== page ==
https://iiiimag.com/articles/review-wormhole-comedy-hold-fast-manchester

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Nula: Butterflies Rise is a decision-making game that explores the experience of living with anxiety.

Inspired by puzzle adventure games of the early 90s like Myst, the surreal comedy of Flann O'Brien, and the author's experience of living with Obsessive Compulsive Disorder, Nula creates an immersive textual experience, an insight into the daily struggle anxiety can be.

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Review:
Wormhole Comedy @ Hold Fast, Manchester

Jordan Harrison-Twist

11.12.19

Hold Fast bar, Manchester's Northern Quarter. (Photo taken before the place filled up)

Sandbach is near Crewe, said one comedian to another. Oh, no. I don’t want to be in Sandbach while you get signed by some agent.

Recognition in this industry is not something one feels is obtained in parochial Northern towns, but these places are part of an extensive ecosystem which offers cool, modest venues for comedians, and surprisingly cheap prices for punters.

Just such an event: Wormhole Comedy in Manchester’s Northern Quarter is an intense affair, with two rows of benches surrounding three sides of a small stage — each within an arm’s reach of the hosts. Participation is encouraged (with rum), and perhaps inevitable given the intimate room; but the effervescent Evan Desmarais and laconic Cameron McLeod martial the evening with a light touch: engaging, goading, and exploding interactions when called upon.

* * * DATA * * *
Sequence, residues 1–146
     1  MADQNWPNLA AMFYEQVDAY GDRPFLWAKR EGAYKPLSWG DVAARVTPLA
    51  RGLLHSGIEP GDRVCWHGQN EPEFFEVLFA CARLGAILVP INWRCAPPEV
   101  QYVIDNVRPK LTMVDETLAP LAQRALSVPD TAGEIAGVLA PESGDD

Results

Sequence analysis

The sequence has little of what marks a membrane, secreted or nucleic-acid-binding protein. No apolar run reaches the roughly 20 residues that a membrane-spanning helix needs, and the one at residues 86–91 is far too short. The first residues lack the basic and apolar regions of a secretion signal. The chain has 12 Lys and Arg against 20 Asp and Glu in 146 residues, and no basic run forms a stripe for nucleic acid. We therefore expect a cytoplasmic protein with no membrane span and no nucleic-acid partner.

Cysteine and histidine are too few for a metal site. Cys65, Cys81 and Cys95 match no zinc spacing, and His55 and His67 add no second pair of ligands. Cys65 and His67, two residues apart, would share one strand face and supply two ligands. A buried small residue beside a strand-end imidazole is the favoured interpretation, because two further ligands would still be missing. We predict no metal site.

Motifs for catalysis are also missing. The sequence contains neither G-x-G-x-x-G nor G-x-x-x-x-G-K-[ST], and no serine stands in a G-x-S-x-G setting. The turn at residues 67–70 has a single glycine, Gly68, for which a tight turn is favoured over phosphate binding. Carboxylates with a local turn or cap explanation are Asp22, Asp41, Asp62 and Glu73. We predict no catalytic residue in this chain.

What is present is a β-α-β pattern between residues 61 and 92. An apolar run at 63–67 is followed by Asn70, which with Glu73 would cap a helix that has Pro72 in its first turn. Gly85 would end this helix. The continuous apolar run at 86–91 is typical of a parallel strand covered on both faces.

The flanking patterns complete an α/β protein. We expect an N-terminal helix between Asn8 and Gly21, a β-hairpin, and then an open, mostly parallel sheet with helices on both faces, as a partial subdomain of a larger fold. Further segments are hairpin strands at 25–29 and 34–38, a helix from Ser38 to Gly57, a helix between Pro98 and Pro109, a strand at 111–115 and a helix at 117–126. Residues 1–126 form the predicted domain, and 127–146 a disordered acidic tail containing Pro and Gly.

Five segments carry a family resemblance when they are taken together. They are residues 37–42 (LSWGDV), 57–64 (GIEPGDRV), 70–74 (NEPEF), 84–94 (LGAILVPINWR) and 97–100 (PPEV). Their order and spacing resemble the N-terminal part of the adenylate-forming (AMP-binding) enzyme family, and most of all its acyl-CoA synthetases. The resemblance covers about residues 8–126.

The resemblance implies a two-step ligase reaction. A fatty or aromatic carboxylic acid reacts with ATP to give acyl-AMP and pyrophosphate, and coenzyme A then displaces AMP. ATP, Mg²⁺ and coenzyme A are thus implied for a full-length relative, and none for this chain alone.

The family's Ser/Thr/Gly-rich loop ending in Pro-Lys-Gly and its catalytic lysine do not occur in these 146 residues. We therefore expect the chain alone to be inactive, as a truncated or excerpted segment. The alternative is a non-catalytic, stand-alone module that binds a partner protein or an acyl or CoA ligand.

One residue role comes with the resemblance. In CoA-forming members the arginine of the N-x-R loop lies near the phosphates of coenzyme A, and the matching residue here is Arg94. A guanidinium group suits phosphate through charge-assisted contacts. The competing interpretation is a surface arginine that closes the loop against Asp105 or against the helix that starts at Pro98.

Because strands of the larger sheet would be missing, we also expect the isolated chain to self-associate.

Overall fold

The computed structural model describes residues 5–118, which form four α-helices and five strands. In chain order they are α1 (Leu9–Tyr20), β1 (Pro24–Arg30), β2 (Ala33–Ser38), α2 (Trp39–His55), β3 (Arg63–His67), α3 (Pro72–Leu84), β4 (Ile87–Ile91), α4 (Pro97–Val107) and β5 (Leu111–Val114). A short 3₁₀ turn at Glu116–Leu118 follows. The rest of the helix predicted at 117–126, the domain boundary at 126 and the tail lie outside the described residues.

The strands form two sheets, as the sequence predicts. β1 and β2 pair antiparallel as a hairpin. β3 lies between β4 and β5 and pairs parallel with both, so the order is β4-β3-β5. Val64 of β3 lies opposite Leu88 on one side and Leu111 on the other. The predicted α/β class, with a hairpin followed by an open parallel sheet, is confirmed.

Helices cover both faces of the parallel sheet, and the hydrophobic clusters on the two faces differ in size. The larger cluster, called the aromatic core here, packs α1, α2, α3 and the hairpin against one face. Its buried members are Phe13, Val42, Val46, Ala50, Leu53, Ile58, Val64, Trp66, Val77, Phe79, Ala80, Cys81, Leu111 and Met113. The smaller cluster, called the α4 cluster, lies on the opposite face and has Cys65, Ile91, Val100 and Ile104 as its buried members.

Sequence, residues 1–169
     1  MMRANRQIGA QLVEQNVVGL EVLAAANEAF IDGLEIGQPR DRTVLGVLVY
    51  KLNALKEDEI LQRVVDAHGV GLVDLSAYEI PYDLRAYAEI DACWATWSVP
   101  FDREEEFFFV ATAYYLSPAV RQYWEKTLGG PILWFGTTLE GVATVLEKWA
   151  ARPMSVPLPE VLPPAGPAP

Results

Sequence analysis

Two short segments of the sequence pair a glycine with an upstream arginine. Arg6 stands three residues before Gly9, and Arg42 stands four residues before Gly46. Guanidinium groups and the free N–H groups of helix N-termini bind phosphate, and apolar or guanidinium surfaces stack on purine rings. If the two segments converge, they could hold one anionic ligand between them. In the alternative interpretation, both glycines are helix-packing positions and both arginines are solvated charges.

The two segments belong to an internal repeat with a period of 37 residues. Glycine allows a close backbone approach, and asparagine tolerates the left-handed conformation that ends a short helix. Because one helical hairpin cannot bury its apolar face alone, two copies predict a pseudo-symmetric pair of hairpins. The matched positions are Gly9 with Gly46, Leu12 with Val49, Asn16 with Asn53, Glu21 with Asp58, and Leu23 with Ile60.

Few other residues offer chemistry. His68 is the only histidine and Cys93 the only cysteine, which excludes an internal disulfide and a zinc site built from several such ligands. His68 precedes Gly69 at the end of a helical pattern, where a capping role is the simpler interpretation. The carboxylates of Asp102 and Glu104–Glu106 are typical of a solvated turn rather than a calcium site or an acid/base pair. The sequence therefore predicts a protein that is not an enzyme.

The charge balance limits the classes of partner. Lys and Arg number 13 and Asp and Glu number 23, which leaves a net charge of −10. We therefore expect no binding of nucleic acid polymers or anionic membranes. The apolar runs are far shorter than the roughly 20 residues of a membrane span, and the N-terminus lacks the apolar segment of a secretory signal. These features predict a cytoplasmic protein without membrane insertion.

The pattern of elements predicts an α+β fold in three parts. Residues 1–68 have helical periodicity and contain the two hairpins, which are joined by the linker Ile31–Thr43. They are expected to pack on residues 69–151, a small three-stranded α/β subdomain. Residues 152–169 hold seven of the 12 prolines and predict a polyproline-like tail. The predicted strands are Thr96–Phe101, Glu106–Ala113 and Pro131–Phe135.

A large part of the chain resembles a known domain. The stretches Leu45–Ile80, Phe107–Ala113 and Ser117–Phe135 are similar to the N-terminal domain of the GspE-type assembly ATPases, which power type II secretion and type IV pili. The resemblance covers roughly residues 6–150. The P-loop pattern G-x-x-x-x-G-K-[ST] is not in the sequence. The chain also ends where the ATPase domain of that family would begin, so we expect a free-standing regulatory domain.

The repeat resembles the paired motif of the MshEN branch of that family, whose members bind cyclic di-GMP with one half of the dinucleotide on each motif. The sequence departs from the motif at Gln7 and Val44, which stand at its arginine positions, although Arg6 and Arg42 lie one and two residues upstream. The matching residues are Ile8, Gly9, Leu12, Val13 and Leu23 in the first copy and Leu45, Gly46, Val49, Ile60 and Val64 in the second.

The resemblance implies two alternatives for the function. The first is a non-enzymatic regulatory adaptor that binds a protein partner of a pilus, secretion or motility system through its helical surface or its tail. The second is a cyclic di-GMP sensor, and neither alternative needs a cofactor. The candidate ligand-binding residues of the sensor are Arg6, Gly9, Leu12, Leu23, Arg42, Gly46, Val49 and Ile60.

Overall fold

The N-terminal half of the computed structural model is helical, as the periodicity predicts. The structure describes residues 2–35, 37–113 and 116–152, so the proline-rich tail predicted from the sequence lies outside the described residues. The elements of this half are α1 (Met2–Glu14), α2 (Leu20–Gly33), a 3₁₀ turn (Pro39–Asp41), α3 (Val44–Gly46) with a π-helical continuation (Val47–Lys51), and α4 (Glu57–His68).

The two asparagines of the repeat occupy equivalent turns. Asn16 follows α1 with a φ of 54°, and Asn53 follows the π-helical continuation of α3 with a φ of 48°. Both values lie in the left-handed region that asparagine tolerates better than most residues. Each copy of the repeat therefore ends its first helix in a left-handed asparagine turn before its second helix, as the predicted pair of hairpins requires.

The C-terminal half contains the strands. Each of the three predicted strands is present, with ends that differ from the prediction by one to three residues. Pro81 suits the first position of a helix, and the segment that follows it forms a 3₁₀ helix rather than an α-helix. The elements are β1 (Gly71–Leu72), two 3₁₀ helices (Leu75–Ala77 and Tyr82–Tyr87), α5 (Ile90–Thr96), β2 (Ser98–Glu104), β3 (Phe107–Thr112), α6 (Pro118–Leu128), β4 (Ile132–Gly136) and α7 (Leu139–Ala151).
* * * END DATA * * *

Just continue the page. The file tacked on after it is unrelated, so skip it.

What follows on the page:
It’s a new material night, so the edges occasionally show, and there is a roughness to the performances that brings about lots of in-the-moment self-reflection (the hostel upstairs provides some unaccommodating spectators); but the quality is bang-on, and the combination of great acts and bolthole venue makes for a captivating few hours on a solemn, sorry Monday night. The crowd were gender-balanced, international, and in mostly fine voice.

Particular highlights were Jamie Hutchinson and Simon Lomas — the latter’s hobbling delivery is a remarkable feat of nerve and he also deserves much credit for swiftly dispatching, without breaking character, an itinerant I-Thought-This-Was-Meant-To-Be-Funny guy who sounded like Christopher Eccleston in an egg.

The new material night runs every Monday at Hold Fast bar (below Hatters Hostel); the professional night runs every Wednesday at Wilson’s Social on the corner of Stevenson Square.

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